Students like Angeline rely on MCEC’s programs and services to help them through these emotional times. One of the signature initiatives MCEC supports is Purple Star Schools. Developed in 2017 by a superintendent in Ohio to demonstrate his schools were military-friendly, Purple Star Schools is now in 36 states and consists of criteria for schools to adopt for accepting and supporting military kids. One critical element of the program is the creation of a peer-led club, comprised of military and civilian kids, to welcome new students and act as support for one another. Purple Star Schools also have a designated military liaison on campus and offer professional development for educators and counselors about the unique needs and experiences of military families.
“The goal is to have something that military families can see online that says this school made an effort to embrace military connected kids and develop some cultural competency around military families,” Porter tells The Elective.
US Air Force photo by Master Sgt. Bob Jennings
First Lady Dr. Jill Biden speaks to students at Knob Noster High School during an assembly on April 13, 2022, in Knob Noster, Missouri. The visit was part of the Purple Up campaign for the Month of the Military Child.
Before joining MCEC, Porter, who has a PhD in clinical psychology, served in the Army for more than 30 years and is a veteran of Operation Iraqi Freedom. Porter’s husband, John, is also an Army veteran, serving for 24 years. This background informs how she leads MCEC—as does her experience raising two military kids: 30-year-old Caitlin and 27-year-old Zac, who attended eight and six K–12 schools, respectively.
Porter has seen students cope with and bridge the transitions of multiple moves in many ways. One that’s particularly effective is belonging to clubs, like the ones offered at Purple Star Schools, and teams.
Zoe Schneider, 17, whose father serves in the Army, knows how beneficial they can be. After stints at four previous schools, Zoe prepared for a move to Leesville High School in Louisiana. She wanted to join the dance line but couldn’t attend tryouts. Zandra Grady, sponsor of the dance line and MCEC’s Student 2 Student (S2S) peer-led group at the school, came up with the solution. Zandra negotiated with the principal to allow Zoe to try out via video. When she arrived at Leesville High, it was as a member of the club welcomed by girls who shared her love of dance. Next year, she’ll be dance line captain.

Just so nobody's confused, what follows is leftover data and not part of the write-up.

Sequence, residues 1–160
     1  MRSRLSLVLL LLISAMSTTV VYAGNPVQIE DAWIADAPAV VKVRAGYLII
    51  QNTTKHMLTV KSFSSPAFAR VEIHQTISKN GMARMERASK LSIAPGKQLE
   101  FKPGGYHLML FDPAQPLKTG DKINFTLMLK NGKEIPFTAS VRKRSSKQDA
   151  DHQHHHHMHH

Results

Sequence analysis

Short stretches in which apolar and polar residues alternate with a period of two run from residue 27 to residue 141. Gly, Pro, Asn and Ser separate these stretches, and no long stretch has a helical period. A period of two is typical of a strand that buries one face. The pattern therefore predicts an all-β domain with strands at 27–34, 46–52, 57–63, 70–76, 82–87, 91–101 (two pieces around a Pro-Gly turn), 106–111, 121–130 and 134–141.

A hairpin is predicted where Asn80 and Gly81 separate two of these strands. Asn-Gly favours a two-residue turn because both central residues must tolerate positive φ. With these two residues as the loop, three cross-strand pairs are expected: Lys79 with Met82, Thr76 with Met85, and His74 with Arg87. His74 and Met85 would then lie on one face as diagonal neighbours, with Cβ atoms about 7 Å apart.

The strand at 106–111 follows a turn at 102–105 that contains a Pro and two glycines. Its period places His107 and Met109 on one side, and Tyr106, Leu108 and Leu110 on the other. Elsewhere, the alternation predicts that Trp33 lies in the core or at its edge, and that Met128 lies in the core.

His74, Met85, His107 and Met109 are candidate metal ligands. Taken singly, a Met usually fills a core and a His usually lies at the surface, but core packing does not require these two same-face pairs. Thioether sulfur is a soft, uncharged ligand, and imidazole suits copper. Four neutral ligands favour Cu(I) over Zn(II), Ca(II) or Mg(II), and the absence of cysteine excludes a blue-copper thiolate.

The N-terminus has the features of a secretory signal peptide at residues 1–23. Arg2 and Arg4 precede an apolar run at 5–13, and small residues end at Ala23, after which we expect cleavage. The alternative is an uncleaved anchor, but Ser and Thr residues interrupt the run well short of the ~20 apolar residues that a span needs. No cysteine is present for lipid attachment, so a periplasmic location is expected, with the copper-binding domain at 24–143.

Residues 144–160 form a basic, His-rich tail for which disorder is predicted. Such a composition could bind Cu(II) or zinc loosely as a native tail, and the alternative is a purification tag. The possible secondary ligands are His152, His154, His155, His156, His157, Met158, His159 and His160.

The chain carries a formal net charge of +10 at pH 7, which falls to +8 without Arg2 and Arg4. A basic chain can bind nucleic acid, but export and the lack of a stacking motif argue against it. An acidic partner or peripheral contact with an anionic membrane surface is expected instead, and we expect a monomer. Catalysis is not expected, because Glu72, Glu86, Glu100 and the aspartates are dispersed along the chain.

Zoe said that honors classes, including AP® Calculus and AP Literature, also help her feel involved. “It keeps me on my toes,” Zoe tells The Elective. “I make sure I have my assignments done and studying for exams is a key factor for college.” When she heads to college in a couple of years, she plans to major in biomedical science (and is excited to take AP Biology to prepare).
Courtesy Zoe Schneider
(from left) Zoe Schneider with her mom, Natalie, dad, Major Joshua Schneider, and brother, Zachary.
Zoe doesn’t plan on following her father into the Army, but her brother Zachary, a college senior, does plan on enlisting. According to the U.S. Army Recruiting Command, Zachary will be among the 79% of recruits who have a relative with military experience—a staggering statistic considering that only 1% of the nation’s population serves in the armed forces.
Like Caitlin, Zoe has been able to navigate the challenges of being a teenage member of a military family. And her experience makes her appreciate the Month of the Military Child and its focus on supporting and celebrating young people in similar situations.
“It’s rough on the kids to move and find friends and to fit in,” Zoe says. “A lot of time, parents on active duty are the ones that bring attention. It’s nice to focus on the kids and what they are going through.”